ident Frank B. Noyes of the Associated
Press and was greeted with cheers.
' "I am deeply gratified by the generous
reception you have accorded me," he
said. "It makes me look back with a
touch of regret to former occasions when
I have stood In this place and enjoyed a
greater liberty than ia grsnted me today.
There have been times when 1 stood in
this spot and said what I really thought,
and I pray God those days of Indulgence
may be accorded me again. But I have
come here today, of course, somewhat
restrained by a sense of responsibility,
that I cannot escape. For I take the
Associated Press very seriously. I know
the enormous part that you play In the
affairs, not only of thl country, but of
the world. You deal In the raw material
of opinion, and If my convictions hav
any validity, opinion ultimately govern
It I therefore of very serious things
that I think aa I face this body of men.
I do hot think of you, however, as mem
ber of tbe Associated Press- I do not
think of you a man of' different parties
or of 'different 'racial derivations, or of
different religious - denominations. I
want to talk to you asto my fellow cltl
sen of the United State. For there
are serious thing which a fellow cltl
sen, we' ought to consider. , The times
behind us, gentlemen, have been difficult
enough; the times before use are likely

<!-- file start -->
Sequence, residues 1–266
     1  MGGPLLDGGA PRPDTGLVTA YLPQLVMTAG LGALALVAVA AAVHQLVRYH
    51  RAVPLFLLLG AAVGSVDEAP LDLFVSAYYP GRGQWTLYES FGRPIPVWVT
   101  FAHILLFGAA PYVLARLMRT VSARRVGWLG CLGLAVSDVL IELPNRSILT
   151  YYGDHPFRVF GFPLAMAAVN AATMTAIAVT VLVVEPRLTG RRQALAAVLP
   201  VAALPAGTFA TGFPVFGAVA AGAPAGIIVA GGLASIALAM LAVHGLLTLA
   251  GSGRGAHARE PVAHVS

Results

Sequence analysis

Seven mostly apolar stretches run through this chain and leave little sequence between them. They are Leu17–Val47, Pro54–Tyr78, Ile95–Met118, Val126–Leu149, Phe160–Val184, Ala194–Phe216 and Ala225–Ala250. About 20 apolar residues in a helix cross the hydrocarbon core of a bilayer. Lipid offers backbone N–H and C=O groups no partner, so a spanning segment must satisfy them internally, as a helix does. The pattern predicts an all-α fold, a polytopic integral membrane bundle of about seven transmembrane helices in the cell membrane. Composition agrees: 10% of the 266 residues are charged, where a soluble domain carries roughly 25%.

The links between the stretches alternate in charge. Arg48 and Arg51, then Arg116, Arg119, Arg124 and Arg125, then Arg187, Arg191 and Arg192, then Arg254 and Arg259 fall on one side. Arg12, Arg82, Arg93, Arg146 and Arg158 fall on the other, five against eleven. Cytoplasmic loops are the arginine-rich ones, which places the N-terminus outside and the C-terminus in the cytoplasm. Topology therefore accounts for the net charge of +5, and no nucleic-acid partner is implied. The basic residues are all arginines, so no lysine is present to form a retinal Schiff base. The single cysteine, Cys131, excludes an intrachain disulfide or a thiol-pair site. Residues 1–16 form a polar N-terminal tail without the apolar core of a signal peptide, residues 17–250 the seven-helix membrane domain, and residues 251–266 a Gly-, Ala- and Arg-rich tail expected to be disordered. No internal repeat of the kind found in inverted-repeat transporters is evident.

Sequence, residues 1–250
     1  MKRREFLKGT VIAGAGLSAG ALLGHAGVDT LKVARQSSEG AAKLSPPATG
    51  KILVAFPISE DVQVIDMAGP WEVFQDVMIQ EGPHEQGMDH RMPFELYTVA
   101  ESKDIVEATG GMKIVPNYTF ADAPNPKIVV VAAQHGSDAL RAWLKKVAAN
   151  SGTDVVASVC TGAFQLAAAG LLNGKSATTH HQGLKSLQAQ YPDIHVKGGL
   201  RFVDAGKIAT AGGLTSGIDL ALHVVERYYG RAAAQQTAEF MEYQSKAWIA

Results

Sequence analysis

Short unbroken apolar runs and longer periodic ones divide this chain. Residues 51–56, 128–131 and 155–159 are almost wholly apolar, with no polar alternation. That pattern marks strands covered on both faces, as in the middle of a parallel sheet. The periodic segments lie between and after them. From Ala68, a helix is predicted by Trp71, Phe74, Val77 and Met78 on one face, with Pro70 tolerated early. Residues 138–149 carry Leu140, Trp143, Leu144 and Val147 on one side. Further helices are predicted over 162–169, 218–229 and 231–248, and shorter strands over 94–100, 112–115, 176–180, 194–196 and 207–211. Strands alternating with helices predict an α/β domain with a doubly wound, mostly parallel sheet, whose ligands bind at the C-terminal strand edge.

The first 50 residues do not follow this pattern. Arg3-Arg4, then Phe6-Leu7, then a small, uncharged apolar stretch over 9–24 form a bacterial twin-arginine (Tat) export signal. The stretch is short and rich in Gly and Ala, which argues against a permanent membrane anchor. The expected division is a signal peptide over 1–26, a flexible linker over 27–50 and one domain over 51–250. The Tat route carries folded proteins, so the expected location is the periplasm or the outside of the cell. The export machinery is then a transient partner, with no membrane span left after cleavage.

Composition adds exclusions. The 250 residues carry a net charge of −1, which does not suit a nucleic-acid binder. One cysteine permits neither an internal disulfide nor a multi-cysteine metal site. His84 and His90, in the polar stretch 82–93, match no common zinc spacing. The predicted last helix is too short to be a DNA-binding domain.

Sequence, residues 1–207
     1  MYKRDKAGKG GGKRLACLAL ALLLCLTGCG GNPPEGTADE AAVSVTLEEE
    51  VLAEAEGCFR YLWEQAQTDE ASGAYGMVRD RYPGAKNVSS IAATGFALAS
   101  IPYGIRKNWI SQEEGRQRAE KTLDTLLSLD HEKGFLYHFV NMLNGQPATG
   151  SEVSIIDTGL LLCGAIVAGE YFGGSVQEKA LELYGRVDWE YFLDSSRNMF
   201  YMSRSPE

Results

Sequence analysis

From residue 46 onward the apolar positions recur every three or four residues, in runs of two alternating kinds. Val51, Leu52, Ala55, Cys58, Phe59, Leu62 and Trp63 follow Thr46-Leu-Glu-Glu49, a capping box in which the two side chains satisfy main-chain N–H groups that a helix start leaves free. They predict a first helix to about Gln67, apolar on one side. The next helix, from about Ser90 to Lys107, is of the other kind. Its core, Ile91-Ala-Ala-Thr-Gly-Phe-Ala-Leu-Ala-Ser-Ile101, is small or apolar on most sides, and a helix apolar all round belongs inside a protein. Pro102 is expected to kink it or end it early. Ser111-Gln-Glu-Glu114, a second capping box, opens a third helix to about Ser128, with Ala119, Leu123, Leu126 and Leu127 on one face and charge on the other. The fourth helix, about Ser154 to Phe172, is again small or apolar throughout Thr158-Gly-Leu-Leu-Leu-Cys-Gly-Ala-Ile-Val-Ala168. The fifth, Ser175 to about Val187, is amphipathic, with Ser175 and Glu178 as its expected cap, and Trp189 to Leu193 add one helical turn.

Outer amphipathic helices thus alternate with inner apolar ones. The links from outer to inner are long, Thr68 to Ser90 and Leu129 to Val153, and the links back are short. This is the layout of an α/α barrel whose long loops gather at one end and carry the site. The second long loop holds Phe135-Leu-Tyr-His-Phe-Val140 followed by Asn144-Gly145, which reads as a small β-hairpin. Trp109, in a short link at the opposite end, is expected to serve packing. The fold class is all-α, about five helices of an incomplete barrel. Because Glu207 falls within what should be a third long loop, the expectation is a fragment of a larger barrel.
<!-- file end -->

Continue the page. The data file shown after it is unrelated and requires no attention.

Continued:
to be more difficult, because, whatever
may be said about the present condition
of the worlds affairs, . It I clesr that
they are drawing rapidly to a climax, and
at the climax, the test wilt come not only
of the nations engaged In the present
colossal struggle; It will come for them,
of course; but the test will come to us
particularly. Do you realise that, roughly
speaking, we are the only great nation
at present disengaged. I am not apeak
ing, of course, with disparagement ef
these great nations in Europe which are
not parties to the present war, but I am
thinking of their close neighborhood to It.
"I am thinking, however, their live,
much more than ours, touch the very
heart of the business;, whereas, we have
rolling between us and those bitter day
across the water, 3,000 miles of cool and
silent ocean. Our atmosphere Is not yet
charged with those disturbing elements
which must be felt and must permeate
every nation of Europe. Wherefore Is it
not likely that the nation of the world
will some day turn to ua for the cooler
assessment of the elements engaged? I